So what happens when we have AI? Will these new intelligences be treated as tools or as people? And what place will the politics of the soul have in this determination? Another way to phrase the question would be whether AIs would have “Buddha nature”, the capacity for enlightenment. In traditional Buddhist rhetoric, all living things have the capacity to gain enlightenment if they pursue it (much like in Christianity, all beings have an ability to enter heaven if they pursue it). This could also be viewed, in non-spiritual terms, as the capacity to increase not only one’s intelligence but one’s consciousness. According to several Buddhist monks I have talked to, a robot could not get enlightened as it would not have a real brain, only a computer. No matter how complex this computer was, it could not be as complex as an actual brain and therefore could not attain the spiritual heights other beings aspire to. Other monks preferred to hold off judgment until they can talk to the hypothetical robot.

If AIs and robots are treated as not having the spiritual being that humans have, we are looking at a world in which they will be considered sub-human. We live in an age where in first world countries workers can expect health care, paid sick time, etc., but if AIs are viewed as less than this, more as particularly powerful computers, they could expect treatment little better than slaves.

Contrast the ways artificial intelligences are treated in different science fiction stories. In Star Wars, “droids” are property; they are bought and sold, and subject to memory wipes whenever their owners deem it necessary. Droids exist solely to serve their owners; they are kept in garages, shut down when not in use, and perform whatever function they are told whether or not they find it agreeable. Droids exist in a universe with a visibly proven religion (“the Force”) that they show no aptitude for or connection with. Despite having clear personalities, ambitions, and the ability to experience emotions, they are given as much respect as any other piece of non-living technology, i.e. none.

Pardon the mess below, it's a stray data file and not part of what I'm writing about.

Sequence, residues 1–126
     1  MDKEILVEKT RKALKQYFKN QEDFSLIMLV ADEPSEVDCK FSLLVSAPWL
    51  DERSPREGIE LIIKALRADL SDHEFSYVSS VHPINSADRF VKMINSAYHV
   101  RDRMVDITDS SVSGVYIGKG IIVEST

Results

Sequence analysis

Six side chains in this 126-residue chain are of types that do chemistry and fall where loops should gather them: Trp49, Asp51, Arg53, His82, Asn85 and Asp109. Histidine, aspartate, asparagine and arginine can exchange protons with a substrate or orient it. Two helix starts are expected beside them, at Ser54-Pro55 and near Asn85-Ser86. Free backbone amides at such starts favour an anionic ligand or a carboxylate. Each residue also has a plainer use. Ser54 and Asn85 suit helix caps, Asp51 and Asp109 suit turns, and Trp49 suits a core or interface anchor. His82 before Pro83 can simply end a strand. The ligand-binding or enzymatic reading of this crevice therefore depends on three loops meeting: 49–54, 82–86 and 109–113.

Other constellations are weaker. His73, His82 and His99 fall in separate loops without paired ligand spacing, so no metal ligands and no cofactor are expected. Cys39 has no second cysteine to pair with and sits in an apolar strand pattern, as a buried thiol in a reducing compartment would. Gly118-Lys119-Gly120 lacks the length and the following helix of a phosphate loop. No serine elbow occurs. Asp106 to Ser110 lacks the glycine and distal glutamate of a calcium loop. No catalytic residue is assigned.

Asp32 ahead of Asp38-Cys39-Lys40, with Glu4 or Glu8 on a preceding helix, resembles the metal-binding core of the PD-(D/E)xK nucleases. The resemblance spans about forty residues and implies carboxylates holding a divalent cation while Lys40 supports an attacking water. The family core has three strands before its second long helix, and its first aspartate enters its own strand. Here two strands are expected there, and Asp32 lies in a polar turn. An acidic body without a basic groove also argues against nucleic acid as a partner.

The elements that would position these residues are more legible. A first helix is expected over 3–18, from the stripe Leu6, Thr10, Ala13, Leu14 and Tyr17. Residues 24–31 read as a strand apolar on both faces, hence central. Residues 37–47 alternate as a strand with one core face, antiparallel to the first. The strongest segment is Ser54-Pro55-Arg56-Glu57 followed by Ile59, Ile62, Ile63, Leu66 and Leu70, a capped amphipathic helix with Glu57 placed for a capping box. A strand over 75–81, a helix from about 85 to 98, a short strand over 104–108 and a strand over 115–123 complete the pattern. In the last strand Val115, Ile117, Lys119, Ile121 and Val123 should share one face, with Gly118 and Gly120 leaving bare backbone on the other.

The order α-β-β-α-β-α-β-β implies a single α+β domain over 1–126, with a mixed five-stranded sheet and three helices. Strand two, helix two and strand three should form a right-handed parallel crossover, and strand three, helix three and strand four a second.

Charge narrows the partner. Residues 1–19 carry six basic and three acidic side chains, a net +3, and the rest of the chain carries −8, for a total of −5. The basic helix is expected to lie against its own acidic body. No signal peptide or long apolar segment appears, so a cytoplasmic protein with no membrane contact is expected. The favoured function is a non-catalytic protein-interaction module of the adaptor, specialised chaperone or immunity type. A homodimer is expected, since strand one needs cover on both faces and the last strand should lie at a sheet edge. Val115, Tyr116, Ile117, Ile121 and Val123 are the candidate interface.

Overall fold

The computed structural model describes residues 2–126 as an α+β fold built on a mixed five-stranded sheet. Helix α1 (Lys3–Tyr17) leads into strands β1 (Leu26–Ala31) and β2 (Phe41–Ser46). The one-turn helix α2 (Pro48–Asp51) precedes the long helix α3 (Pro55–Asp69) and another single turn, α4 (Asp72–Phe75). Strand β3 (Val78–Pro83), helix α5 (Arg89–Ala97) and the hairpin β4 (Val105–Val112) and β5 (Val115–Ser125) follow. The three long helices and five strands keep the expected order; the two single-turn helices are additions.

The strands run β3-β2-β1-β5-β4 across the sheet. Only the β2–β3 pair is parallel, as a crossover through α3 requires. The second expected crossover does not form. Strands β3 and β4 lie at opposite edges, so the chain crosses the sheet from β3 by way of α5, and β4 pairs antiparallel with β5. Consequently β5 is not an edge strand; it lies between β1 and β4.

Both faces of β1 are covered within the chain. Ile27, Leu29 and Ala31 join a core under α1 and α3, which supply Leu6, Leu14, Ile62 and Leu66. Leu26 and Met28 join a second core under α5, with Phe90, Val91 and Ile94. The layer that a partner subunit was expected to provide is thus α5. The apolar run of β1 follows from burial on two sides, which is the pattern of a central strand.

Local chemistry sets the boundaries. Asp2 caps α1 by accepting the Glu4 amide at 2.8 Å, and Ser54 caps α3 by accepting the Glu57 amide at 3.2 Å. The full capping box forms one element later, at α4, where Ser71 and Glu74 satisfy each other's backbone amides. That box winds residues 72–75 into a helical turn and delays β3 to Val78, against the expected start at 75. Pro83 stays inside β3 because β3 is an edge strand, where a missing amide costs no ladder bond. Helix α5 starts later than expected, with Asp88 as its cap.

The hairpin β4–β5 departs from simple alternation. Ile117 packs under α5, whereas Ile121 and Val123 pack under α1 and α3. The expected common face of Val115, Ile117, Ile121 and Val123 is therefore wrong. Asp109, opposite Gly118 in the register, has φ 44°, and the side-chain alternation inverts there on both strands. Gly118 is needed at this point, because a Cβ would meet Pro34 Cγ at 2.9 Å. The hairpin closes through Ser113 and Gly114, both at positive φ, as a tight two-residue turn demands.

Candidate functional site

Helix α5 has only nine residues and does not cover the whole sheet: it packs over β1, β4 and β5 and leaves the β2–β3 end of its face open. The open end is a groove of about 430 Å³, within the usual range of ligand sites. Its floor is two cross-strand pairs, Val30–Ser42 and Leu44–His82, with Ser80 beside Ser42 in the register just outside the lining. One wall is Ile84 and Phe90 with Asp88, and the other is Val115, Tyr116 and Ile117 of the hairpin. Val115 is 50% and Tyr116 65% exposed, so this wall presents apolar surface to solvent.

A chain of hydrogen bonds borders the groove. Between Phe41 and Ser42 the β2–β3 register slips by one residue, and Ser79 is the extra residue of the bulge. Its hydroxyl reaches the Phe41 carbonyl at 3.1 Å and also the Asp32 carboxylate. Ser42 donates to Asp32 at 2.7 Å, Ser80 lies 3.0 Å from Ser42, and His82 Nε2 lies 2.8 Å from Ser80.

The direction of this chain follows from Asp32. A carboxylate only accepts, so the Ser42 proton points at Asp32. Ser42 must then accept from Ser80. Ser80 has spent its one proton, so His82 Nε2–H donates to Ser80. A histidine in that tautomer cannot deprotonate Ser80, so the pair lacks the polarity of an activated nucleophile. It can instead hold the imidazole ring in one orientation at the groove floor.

On the other hand, in Star Trek: the Next Generation, Data is an android and is treated as a valuable member of his crew and is given all the right of any of the other crew members. He has his own quarters and is allowed to pursue his own ambitions. The times when characters treat him as less than human, they are portrayed as backwards and wrong. Data exists in a universe that has become a socialist utopia; there is no discernible religion, so where as Data is not ascribed a spiritual essence, neither are any of his fellow crew members.

This is not to say that the solution is the abolition of religion. It’s important to remember the effect religious beliefs have on percentages of vegetarians, and also how difficult it would be to have the entire human race abandon religion and prejudices attached to the politics of the soul (the caste system is now illegal in India, but is still enforced de facto).

Wherever we go as a species, our advances in technology and science have always affected our understanding of spirituality and religion. In addition, our spirituality is always affected by our politics and our politics are always effected by our spirituality. The day we create sentient AI will be one of the most important for our species, and may force us to finally decide together, all of us, what we’ve meant all this time when we talked about the soul.